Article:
Despite traditional volatility, historical data from 1956 to 2016 compiled by Trefis shows that S&P500 has generated positive returns in 87.5 percent of election years. A possible explanation is the market’s appreciation for certainty: a 2016 report by Guggenheim Investments shows that both large and small caps performances’ pick up after the elections, judging by the performances of S&P500 and Russel’s 2000 indexes in election years since 1988.
Partisan differences also tend to interfere in market performance. By analyzing data from 1880 to 2004, the study “Partisan Impacts on the Economy: Evidence from Prediction Markets and Close Elections” discovered that “electing a Republican president raises equity valuations by 2-3 percent, and that since Ronald Reagan, Republican presidents tend to raise bond yields.” Also according to Trefis data, “the average index return in the year leading to a change in the party in the presidency is low at 5.2 percent.”
While the data suggests markets could be more comfortable with a Donald Trump re-election, a Lazard Asset Management report points out that there are risks on both sides.
“If a candidate who is more pro-trade than the sitting president is elected, it could mean an improvement in global business sentiment, the unleashing of dormant corporate capital, and a pickup in manufacturing activity,” analysts wrote. “However, many left-leaning Democrats, including Senator Elizabeth Warren, are just as skeptical as President Trump about the benefits of trade. If Mr. Trump were unseated by one of these individuals, we believe the corporate spending limbo would likely continue into 2021 and perhaps beyond.”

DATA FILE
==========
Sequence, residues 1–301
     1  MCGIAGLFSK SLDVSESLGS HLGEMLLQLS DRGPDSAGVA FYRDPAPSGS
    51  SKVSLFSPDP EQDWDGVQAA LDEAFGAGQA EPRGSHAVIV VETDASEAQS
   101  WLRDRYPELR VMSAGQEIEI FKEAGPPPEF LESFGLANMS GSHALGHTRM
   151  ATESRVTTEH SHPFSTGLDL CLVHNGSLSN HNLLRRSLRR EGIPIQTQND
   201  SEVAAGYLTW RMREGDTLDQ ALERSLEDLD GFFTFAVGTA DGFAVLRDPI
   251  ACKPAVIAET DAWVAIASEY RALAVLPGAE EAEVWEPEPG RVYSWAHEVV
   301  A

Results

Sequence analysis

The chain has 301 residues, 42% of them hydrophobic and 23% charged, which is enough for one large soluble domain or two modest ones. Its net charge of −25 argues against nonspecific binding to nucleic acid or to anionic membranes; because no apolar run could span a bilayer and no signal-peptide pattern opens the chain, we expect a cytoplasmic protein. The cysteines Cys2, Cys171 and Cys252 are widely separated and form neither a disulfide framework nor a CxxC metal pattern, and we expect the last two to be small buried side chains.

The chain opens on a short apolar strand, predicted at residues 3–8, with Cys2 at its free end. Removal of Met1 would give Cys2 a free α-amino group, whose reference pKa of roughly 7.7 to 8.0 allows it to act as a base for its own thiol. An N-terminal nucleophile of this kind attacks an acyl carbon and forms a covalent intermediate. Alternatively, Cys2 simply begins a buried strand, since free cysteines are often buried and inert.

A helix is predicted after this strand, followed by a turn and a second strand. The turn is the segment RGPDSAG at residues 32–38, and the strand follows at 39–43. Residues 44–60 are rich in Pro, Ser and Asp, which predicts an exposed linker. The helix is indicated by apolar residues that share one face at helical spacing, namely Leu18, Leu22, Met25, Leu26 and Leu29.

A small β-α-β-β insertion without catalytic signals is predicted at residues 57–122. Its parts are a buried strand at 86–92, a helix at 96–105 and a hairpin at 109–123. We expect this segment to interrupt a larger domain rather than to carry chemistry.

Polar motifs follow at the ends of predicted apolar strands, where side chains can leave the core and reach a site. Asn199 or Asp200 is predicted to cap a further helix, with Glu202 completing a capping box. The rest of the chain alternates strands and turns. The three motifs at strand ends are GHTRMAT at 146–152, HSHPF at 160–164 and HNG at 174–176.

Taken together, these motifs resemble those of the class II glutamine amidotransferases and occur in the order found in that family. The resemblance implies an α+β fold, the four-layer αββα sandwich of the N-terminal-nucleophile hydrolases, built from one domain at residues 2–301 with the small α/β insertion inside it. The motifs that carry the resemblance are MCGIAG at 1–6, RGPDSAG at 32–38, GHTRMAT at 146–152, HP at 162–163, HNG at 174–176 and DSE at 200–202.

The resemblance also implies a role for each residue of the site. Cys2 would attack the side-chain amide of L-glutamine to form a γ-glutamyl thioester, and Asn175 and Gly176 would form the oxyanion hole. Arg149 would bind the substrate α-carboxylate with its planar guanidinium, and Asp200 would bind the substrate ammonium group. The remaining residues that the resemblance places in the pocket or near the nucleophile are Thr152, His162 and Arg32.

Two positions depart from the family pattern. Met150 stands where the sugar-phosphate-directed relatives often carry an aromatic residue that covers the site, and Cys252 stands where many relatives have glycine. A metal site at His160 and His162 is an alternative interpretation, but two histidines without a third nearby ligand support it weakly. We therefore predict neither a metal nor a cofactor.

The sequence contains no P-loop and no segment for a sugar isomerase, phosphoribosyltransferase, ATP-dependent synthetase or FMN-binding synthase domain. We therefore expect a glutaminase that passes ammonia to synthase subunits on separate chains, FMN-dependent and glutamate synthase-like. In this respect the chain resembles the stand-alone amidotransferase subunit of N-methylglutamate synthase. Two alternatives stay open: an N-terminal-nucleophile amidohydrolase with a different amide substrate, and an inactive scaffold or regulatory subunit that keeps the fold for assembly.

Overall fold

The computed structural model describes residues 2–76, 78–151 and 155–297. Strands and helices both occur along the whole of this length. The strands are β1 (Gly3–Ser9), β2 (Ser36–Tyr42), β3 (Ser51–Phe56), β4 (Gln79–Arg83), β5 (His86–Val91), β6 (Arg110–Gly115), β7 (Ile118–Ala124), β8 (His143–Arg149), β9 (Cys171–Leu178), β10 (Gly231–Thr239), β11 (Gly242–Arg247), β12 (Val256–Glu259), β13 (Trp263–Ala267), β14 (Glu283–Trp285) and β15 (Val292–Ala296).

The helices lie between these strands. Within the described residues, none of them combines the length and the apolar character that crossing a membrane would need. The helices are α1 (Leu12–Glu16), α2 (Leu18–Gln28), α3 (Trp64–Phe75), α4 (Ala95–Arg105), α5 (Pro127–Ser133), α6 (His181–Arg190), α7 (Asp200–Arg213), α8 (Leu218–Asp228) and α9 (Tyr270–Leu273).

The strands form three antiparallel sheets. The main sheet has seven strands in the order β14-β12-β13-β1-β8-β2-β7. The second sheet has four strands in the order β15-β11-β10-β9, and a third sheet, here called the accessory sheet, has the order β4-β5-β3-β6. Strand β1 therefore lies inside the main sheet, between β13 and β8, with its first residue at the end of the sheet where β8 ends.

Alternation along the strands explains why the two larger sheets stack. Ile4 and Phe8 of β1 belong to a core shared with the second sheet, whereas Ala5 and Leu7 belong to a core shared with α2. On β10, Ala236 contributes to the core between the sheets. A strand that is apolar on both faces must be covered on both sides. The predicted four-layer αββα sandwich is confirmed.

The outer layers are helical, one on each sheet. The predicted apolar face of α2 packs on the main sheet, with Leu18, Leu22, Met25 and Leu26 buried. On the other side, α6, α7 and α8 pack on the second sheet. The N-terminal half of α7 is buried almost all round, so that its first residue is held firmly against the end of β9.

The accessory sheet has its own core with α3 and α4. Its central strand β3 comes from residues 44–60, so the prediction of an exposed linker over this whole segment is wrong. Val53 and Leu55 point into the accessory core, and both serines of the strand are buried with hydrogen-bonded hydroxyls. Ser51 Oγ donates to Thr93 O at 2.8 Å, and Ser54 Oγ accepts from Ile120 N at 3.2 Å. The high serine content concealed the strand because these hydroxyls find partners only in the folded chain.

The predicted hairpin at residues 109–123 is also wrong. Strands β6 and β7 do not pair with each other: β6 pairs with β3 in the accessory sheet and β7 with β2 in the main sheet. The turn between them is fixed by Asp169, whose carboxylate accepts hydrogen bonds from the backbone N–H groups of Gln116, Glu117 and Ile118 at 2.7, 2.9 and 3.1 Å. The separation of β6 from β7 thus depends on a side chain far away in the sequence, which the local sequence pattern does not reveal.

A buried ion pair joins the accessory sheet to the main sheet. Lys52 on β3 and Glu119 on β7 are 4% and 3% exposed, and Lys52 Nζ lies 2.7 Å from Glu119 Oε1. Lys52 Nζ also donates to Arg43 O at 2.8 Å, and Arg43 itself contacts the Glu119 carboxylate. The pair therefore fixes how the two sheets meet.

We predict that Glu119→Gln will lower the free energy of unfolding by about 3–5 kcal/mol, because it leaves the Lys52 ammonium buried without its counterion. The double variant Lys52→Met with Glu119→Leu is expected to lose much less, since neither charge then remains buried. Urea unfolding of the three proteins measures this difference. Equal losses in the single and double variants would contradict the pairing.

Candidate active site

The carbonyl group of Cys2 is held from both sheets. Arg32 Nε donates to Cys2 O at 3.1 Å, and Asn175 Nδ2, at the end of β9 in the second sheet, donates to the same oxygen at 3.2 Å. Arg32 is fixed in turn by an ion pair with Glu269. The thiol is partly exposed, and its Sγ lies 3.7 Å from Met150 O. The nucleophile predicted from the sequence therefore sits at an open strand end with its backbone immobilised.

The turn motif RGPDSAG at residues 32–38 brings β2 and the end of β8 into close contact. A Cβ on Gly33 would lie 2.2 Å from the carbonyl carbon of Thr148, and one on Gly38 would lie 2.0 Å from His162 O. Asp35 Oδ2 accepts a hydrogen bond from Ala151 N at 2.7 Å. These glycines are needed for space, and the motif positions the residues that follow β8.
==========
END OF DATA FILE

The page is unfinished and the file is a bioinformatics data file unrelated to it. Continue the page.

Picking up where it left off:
They add that the pro-growth policies proposed by each candidate “will likely have ramifications for emerging markets equities”, such as Brazil’s. They do stress, however, the major role represented by local measures, such as administrative and tax reform, to boost the local market.
Possible scenarios after Iowa
An eventual clash between Donald Trump and Bernie Sanders is seen as the riskiest outcome for markets. “It may stress investors as Mr. Sanders is more radical in economic terms than Mr. Biden. And President Trump may adopt a more radical stance to fend-off a more radical opponent. This may put pressure on the S&P500,” explains Mr. Berenguer, adding that it could have a knock-on effect for Brazilian markets.
While the proudly socialist Mr. Sanders was once panned by Wall Street as having “crazy” ideas to tax big fortunes and scrap student loan debts, Mr. Biden is considered by the markets as a more even-keel candidate. He has focused on infrastructure investments and has less comprehensive plans for education, such as two tuition fee-free years of community college, instead of fully public higher education.
Stock market trader Gabriel Rech believes the market will adjust the equities’ risk premium according to each scenario, so any candidate’s victory will be priced by the time of the election. “Variables are neutral for a Trump-Biden election, positive for Trump-Bloomberg—and negative for an election featuring either Ms. Warren or Mr. Sanders. I believe the markets will be positioned for each one of these disputes”.[/restricted]